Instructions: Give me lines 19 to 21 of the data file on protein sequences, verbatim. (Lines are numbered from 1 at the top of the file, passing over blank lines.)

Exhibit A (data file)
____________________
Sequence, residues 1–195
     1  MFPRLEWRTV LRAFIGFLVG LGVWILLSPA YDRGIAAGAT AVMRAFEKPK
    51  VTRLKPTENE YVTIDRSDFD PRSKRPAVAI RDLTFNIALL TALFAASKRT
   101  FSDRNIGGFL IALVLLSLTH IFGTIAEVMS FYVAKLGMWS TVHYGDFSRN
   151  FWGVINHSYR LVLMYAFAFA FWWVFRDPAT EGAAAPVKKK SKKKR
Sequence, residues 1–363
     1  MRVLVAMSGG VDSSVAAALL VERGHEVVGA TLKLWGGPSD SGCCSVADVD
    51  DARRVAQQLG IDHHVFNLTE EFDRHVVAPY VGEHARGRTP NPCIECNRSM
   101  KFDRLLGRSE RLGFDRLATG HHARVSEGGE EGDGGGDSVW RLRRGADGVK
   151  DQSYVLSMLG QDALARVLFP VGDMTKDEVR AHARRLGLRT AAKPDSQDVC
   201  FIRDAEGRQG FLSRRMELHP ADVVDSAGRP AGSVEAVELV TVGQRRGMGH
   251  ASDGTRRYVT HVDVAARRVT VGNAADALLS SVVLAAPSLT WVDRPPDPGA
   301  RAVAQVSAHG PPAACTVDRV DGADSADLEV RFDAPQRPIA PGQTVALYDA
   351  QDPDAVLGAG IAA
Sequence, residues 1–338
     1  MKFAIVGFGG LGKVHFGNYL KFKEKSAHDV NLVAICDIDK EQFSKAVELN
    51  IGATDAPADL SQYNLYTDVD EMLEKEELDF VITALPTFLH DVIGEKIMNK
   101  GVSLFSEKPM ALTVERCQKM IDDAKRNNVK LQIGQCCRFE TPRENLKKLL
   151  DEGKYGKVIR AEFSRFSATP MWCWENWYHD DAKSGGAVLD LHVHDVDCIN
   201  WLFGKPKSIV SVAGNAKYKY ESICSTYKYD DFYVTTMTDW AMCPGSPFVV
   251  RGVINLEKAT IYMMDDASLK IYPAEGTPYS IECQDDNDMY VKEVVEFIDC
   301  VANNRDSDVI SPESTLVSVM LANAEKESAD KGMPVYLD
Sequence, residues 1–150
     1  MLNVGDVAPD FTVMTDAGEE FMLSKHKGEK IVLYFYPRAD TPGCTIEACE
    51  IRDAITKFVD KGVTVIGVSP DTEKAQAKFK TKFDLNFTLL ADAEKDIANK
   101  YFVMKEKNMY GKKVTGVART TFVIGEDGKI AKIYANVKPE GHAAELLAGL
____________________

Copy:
   151  DEGKYGKVIR AEFSRFSATP MWCWENWYHD DAKSGGAVLD LHVHDVDCIN
   201  WLFGKPKSIV SVAGNAKYKY ESICSTYKYD DFYVTTMTDW AMCPGSPFVV
   251  RGVINLEKAT IYMMDDASLK IYPAEGTPYS IECQDDNDMY VKEVVEFIDC